Experts are usually able to provide a list of nearby houses that includes the price of each property, the number of bedrooms and bathrooms that every home has, the year during which each house was constructed and the overall size of a residences. You may also be able to see a chart that indicates the historical fluctuations of the values of homes in a particular area.

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Three Tips on Budgeting for a New Vehicle

by Sean Bryant on September 15, 2014

Budgeting for a new vehicle

Although you might not want to admit it, your car is starting to show signs of age. From mysterious creaks and oil leaks in the driveway to the odometer that is creeping up to 150,000 miles and beyond, your beloved car is probably getting ready to retire. While you know you need to purchase a new, or new-to-you, vehicle pretty soon, chances are good you don’t have a stockpile of money ready to pay for your new wheels. In order to make your new vehicle a reality, you’ll have to fit it into your budget. The following tips can help get you into your new ride:

Determine your down payment

Since making a down payment will help to lower your car loan amount, it’s wise to pay at least something up front toward your new vehicle. If you have some money set aside in savings, this would be a great time to dip into it. If you can take on any additional overtime or projects at work, even for a few weeks or so, you can apply the extra money you bring in towards the down payment. As The Nest notes, making a down payment will also mean you’ll pay less in interest during the course of your car loan, which will save you even more money.

Calculate how much you can afford

While you might be dreaming of owning that snazzy BMW Z4 you saw in front of the grocery store last week, chances are good your budget is a bit more in the basic Honda or Hyundai range. Before you head out to shop for new vehicles, it’s a good idea to determine about how much you can afford. Bankrate features a really cool car loan calculator that will help you estimate how much you would pay on your car loan. Just enter in the loan amount, length of the loan and interest rate to see how much you would have to pay every month.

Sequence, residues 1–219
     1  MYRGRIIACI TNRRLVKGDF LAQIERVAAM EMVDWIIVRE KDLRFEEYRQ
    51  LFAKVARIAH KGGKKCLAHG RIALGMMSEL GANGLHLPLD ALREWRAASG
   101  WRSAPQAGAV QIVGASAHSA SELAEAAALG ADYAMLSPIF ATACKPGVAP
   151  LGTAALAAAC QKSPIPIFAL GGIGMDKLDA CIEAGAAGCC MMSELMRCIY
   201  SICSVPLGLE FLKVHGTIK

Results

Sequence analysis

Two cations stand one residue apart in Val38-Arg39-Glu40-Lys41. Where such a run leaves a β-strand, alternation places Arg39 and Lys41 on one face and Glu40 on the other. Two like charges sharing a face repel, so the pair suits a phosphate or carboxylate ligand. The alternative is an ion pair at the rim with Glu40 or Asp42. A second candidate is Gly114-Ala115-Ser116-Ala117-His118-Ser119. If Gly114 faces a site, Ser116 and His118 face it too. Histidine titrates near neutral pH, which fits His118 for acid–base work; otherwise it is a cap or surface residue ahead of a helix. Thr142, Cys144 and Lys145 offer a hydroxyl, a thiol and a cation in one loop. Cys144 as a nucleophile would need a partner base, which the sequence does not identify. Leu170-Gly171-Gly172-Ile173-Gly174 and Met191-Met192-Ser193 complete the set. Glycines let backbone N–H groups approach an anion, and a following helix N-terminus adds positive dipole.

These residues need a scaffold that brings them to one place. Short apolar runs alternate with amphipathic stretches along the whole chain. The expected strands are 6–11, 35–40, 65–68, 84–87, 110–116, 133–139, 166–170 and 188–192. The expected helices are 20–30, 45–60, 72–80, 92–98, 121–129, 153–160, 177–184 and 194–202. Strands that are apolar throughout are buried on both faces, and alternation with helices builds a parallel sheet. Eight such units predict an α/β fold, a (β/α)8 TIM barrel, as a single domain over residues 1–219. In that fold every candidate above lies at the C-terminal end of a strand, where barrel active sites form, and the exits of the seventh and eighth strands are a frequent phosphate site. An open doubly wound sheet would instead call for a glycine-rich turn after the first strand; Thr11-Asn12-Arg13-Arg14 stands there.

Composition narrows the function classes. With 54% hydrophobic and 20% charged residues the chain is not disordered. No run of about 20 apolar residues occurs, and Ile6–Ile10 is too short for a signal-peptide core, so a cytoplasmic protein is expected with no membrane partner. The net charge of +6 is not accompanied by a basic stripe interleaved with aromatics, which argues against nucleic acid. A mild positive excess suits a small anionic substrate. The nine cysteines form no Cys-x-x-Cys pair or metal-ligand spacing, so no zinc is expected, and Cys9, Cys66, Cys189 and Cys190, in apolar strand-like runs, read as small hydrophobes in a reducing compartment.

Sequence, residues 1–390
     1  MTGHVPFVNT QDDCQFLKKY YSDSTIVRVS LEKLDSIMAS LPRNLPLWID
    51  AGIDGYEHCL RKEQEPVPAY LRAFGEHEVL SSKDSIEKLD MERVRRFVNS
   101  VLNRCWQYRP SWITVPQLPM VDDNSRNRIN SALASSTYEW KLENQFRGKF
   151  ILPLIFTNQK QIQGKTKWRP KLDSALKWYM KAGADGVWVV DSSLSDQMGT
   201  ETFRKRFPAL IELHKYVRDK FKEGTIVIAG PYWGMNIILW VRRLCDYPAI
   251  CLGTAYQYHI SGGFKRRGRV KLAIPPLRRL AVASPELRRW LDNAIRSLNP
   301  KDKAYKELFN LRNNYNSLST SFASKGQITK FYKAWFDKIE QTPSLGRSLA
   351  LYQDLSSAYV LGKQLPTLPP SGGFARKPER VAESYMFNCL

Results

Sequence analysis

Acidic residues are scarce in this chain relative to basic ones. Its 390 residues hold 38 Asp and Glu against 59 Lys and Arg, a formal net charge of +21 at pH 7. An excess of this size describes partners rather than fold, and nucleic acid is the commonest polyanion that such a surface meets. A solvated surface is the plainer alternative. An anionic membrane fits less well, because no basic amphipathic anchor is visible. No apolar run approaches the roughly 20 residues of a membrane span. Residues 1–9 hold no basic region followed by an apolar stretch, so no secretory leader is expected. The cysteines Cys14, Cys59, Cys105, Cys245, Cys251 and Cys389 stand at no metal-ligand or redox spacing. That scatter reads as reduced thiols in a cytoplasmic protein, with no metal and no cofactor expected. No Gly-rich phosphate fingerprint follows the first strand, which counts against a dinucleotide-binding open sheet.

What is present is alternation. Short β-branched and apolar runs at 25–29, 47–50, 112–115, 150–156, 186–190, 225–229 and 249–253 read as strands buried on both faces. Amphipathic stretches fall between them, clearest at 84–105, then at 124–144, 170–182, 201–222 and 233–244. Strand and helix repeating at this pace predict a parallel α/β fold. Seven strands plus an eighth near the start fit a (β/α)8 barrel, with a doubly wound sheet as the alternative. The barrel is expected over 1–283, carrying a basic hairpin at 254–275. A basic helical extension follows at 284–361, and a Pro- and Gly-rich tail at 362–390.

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There was a time when I thought keeping accurate track of my net worth would be a daunting task. I figured that I would have to do research each month to figure out the value of what I owned, and how much my savings account was worth, and just where I stood with my investments. However, about two years ago my wife and I needed to get a new (to us) car, and I decided to figure out how it would affect our finances. I sat down at my computer for a little while and created a simple spreadsheet. Once created, I can keep track of my net worth with about 5 minutes of “research” each month. Here is how I do it.

The Spreadsheet

My spreadsheet is broken down into the two basic categories: assets and liabilities. Under “Assets” I have all the major assets (with the exception of vehicles because they depreciate too quickly), followed by twelve columns; one for each month. At the bottom I have a row for totals, and I have a row for month-over-month percent change.

Under the liabilities section I also have all the liabilities listed out, and the same total and percent change rows.

Beneath those sections is a total net worth row and a percent change net worth row.

Since my chart has been running for several years, I also have a final row that is the percent change since last year.

Confused? Me too. Here is a visual, it’s easier than it sounds.

Net Worth

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7 Reasons to Go For Your MBA

September 11, 2014

As a new or previous college graduate, you may have been relieved to finally earn your bachelor’s degree. However, many college graduates are now finding themselves heading back to school to obtain a higher degree due to the current job market. Here are seven reasons you should go back to school for an Master’s in […]

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How to Save Money When Working With Contractors

September 9, 2014
Contractor

Homeowners are faced with an ongoing list of maintenance and repairs, and many require professional service contractors. Adding a room onto your house, remodeling a kitchen or repairing a roof require some specialized skills and often become expensive. Fortunately, there are several things homeowners can do to save money when working with contractors. DIY or […]